Radiologists diagnose and occasionally treat medical problems, syndromes, and illnesses using medical imaging technologies. They are medical professionals who focus on using medical imaging (radiology) procedures (exams/tests) like X-rays, computed tomography (C.T.), nuclear medicine, magnetic resonance imaging (MRI), ultrasound, and positron emission tomography (PET) to diagnose and treat illnesses and injuries.

Medical school, a four-year residency, and, most frequently, an extra one- or two-year fellowship of highly specialized training, such as radiation oncology, pediatric radiography, or interventional radiology, are all required of radiologists as part of their minimum 13 years of study.

They must adhere to strict guidelines for continuing medical education during their years of practice to maintain their American Board of Radiology certification.


  • Average Annual Salary: USD 425,800
  • Average Work Hours Per Week: 40 hours  

A surgeon is a medical professional who diagnoses and treats diseases that may call for physical alterations to the human body or surgery. Surgery can be used to treat an injury or identify a condition. 

Surgeons oversee nurses and other medical professionals in the OR (operating room) to ensure an operation goes smoothly.

A modern surgeon received the same medical training as physicians before specializing in surgery, is a licensed physician, or both, even though there are distinct traditions in different eras and countries.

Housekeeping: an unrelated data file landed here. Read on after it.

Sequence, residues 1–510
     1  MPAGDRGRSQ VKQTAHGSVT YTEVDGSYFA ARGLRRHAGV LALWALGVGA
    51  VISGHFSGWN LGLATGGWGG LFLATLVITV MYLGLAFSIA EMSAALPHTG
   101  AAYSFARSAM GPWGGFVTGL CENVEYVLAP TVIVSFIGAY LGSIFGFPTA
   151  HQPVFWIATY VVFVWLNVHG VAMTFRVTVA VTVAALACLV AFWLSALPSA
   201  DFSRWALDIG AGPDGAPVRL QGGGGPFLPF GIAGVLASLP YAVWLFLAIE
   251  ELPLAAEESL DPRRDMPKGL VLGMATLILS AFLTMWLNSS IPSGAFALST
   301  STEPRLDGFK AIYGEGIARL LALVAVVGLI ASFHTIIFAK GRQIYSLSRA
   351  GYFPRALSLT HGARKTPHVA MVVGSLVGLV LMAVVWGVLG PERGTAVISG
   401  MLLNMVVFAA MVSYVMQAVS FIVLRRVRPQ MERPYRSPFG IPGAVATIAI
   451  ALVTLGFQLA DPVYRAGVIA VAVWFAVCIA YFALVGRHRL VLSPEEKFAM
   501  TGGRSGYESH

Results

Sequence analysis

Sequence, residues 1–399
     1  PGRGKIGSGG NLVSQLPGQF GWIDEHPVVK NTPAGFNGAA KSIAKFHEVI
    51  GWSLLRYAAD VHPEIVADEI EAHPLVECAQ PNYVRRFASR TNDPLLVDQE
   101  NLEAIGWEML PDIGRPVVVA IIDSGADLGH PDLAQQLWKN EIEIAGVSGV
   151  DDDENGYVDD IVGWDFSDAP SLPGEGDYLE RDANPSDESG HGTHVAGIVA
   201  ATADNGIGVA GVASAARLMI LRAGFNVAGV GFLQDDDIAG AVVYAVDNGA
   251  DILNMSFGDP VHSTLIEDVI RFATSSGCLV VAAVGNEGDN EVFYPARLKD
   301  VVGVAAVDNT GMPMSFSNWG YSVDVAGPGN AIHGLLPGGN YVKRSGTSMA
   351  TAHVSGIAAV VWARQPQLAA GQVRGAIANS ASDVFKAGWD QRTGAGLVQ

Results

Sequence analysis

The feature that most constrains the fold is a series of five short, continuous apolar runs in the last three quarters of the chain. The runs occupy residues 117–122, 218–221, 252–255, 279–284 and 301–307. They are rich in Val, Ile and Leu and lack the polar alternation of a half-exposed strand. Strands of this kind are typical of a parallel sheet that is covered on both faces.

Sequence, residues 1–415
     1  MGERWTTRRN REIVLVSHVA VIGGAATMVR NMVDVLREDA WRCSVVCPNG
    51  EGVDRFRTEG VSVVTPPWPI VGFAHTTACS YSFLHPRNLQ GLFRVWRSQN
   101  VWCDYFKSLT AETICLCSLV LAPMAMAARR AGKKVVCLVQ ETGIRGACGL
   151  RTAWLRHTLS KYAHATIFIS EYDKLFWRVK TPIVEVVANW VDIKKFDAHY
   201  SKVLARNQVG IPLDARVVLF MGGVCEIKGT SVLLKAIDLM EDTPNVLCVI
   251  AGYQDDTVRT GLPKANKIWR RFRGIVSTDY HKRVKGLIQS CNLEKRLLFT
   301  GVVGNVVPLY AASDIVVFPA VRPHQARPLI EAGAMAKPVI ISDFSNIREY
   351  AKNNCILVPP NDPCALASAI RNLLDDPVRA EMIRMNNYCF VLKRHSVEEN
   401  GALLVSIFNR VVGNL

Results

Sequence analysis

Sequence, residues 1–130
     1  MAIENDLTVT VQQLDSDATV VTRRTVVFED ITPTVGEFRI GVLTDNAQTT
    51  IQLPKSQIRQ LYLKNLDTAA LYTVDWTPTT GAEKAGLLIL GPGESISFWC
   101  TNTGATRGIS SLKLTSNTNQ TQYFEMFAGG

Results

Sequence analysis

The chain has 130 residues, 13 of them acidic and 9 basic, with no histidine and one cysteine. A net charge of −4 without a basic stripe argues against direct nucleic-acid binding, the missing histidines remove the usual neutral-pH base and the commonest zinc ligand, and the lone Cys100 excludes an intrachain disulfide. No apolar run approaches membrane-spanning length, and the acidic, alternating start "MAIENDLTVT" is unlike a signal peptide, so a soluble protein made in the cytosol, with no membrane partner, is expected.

In addition, some surgeons practice veterinary, dental, and podiatric medicine. An estimated 310 million surgical procedures are carried out annually worldwide by surgeons.


  • Average Annual Salary: USD 420,196
  • Average Work Hours Per Week: 50 hours 

The medical professionals in charge of keeping patients unconscious, sedated, or pain-free during surgical procedures are known as anesthesiologists

As per the Bureau of Labor and Statistics, the vital position has a high earning potential of more than USD 300,000 annually. 

Anesthesiologists work primarily with patients undergoing surgery while not being surgeons themselves. Giving patients anesthetics or painkillers prepares them for painful or difficult diagnostic procedures and operations. 

Anesthesiologists monitor the patient's respiration, body temperature, pulse, blood pressure, and other vital signs throughout surgery to look for discomfort or stress and alter the patient's pain medication as necessary. They assist in postoperative care by monitoring patients following surgery.